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How to Manage COVID-19 Stress and Anxiety
Coping in uncertain times
During this time of fear and uncertainty our first response is to stress and worry.
This is a natural response.
Below you will find some strategies and techniques to help you get through this challenging time.
It is OK to not be OK
First, it is OK to state openly that you are scared. This is unchartered territory.
When you begin to feel anxious, take a moment to re-focus. Try a simple statement like:
“I need to let go of things I cannot control.”
Continue repeating this – or your own statement that gives you peace – until the feeling of anxiety decreases.
Let’s know the facts
Knowledge is empowering.
Information helps combat unhealthy “what ifs.”
Facts allow us to create a plan.
Once we feel we can control even a small portion of our lives, it can start to put us at ease. The most recent and accurate information is provided by the CDC and your local health authorities.
Limit television and social media
The constant stream of information related to COVID-19 can cause us to start feeling more anxious and upset.
Limit the exposure to the news/social media by setting a time limit per day to listen to the updates.
This will give you additional time to process the thoughts you have and not feel as overwhelmed.
Connect with others
Social distancing and shelter in place orders can create a feeling of isolation. 55% of communication is visual and body language.
- Use face time and other electronic resources to connect with others.
- Reach out to others who may need support.
- Stay connected with family, friends, and other members of your support structure.
Be kind to yourself!
- Give yourself time during the day to be mindful of clearing your thoughts and feelings.
- Try a quick 7-8-7 breathing technique you can use anywhere. Count to 7 while exhaling, inhale while counting to 8, then exhale while counting to 7 again.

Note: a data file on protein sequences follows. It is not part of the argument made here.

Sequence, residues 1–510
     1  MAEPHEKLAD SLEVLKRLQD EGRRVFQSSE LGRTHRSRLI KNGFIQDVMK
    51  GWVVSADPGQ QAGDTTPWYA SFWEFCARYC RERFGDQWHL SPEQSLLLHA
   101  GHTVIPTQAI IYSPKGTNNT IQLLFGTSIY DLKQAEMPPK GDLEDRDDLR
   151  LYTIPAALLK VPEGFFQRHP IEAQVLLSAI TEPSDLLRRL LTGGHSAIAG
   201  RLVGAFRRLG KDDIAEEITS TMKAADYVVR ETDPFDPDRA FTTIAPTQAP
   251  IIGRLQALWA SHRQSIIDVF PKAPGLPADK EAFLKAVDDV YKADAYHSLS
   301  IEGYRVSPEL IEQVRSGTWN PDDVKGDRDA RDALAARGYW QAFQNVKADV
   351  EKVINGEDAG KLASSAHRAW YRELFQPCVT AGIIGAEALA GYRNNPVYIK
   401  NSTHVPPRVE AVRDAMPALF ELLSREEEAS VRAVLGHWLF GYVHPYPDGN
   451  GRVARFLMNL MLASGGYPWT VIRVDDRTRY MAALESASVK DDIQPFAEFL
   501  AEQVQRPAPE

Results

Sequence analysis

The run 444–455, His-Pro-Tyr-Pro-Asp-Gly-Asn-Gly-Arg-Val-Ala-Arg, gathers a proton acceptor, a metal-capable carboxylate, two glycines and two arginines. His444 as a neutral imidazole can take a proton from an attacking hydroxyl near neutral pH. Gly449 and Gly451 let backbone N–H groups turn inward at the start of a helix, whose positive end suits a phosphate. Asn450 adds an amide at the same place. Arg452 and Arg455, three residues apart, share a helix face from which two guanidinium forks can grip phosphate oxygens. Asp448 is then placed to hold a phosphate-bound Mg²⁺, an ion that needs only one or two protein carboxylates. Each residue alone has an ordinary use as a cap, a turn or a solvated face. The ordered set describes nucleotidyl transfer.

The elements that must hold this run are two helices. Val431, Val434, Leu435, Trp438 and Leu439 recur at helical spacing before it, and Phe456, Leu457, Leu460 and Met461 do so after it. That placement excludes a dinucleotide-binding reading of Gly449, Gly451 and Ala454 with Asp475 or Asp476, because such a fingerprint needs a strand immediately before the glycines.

- If you want further relaxation, use visual imagery while breathing. Picture your favorite vacation spot.
Create structure and a schedule for yourself and your family.
Focus on those items that you may have “put off” until you had more time. Examples include:
- finishing that book you’ve been wanting to read
- working in the yard
- planting flowers
- catching up on house work
- or just sitting on the couch to catch episodes of your favorite shows
Just because you’re inside doesn’t mean you can’t exercise.
Be aware of your eating habits. This can impact your mood.
- Avoid excessive intake of caffeine, alcohol and unhealthy foods.
- Stay hydrated.
- Eat a well-balanced diet.
Talking to your child
Be honest. Create an open and supportive environment where children know they can ask questions.
Use words and concepts children can understand. Be prepared to repeat information and explanations – several times if necessary.
Children learn from watching their parents and teachers. How you respond will impact how they will respond.
Last but not least
Please remember to be kind, be patient, show some grace to those around you. We are all in this together.
Looking for more than tips?
Call the Respond helpline – any day, any time – at 1-800-366-1132.
No matter what you’ve done or what life’s done to you, you aren’t alone.
We’re here to listen.